Wednesday, January 18, 2012

When to toss Leftovers?

"Leftovers make you feel good twice. First, when you put it away, you feel thrifty and intelligent: ‘I’m saving food!’ Then a month later when blue hair is growing out of the ham, and you throw it away, you feel really intelligent: ‘I’m saving my life!’"
– George Carlin
Question: "When do I throw out leftovers"? has a simple answer, "If in doubt - throw it out". 

Don't rely on taste or smell or looks. Food may contain an unhealthy level of bacteria yet give no clue after several days.

A more detailed answer is, "it is best to eat leftovers within 2 days. Some items may still be safe after 3-5 days."

Raw foods from potentially dirty environments have a higher risk of contamination. These include fresh poultry & fish & other seafood (shrimp, scallops, squid, and shucked clams, mussels, and oysters). Don't keep these items in a fridge for more than a day (two at most).  Fresh (raw) ground meat and chopped meat (stew chunks) are equally at risk with more surface area exposed for bacteria growth.

Cooked foods will usually keep for 3 days (5 at most).

There are some foods that are are designed/created for a slightly longer shelf life:
hard cheese: 3 to 4 weeks
soft cheese: 1 week
yogurt: 1 - 2 weeks

Advice for Storing Leftovers

Begin with a clean container with an airtight seal. For items still hot, use shallow containers or divide the food into smaller portions so the center of the leftover can cool quickly. Some experts suggest waiting until steam has stopped rising from food before putting it into the refrigerator so that you don’t heat up your refrigerator. But don't wait too long.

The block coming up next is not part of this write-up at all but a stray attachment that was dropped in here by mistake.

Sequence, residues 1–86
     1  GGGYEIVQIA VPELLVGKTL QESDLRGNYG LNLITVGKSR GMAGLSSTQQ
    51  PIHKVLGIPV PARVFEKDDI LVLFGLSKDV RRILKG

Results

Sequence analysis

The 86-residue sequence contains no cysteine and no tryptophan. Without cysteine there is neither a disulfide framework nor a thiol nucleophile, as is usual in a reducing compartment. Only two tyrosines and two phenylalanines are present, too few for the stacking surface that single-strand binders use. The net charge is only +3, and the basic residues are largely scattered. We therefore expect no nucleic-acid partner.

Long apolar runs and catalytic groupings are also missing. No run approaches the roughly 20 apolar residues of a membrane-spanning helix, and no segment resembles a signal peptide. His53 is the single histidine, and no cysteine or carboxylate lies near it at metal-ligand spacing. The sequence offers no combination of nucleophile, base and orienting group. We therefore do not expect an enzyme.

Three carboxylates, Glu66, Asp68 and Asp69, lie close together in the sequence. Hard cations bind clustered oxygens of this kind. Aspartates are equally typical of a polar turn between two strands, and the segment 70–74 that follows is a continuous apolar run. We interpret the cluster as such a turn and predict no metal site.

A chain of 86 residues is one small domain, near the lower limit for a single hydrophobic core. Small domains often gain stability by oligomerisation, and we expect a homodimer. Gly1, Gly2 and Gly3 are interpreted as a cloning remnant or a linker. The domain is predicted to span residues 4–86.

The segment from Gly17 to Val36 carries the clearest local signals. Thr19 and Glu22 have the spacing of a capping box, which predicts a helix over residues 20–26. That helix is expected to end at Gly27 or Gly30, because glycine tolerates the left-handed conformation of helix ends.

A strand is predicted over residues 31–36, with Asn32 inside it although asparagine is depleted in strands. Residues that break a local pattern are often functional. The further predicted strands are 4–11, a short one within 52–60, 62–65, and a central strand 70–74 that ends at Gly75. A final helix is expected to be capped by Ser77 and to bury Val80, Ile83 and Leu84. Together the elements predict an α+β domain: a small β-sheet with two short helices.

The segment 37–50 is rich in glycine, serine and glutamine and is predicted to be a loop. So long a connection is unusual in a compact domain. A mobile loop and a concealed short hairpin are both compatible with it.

"If food has been left out for longer than 2 hours, don’t put it back in the refrigerator, and don’t keep it for later. It’s not safe to eat." - TasteOfHome
"If food is left at room temperature for more than two hours, (one hour in hot weather) bacteria can grow to harmful levels, making it unsafe to eat." - European Food Information Council
Other experts discourage cooling leftovers on the kitchen counter but instead recommend putting warm leftovers quickly in the fridge. Bacteria are like Golilocks and love warm food (not too cold and not too hot) and grow quickly at a temperature that's "just right". My mother is a stickler when it comes to food safety. My wife & I were surprised when she took the hot bucket of Kentucky Fried Chicken we had purchased for a picnic, transfered it to tupperware, and then put that in a cooler with ice, because it would take us a few hours to reach the picnic site.

The quote at top comes from a George Carlin routine called Ice Box Man which I recommend.

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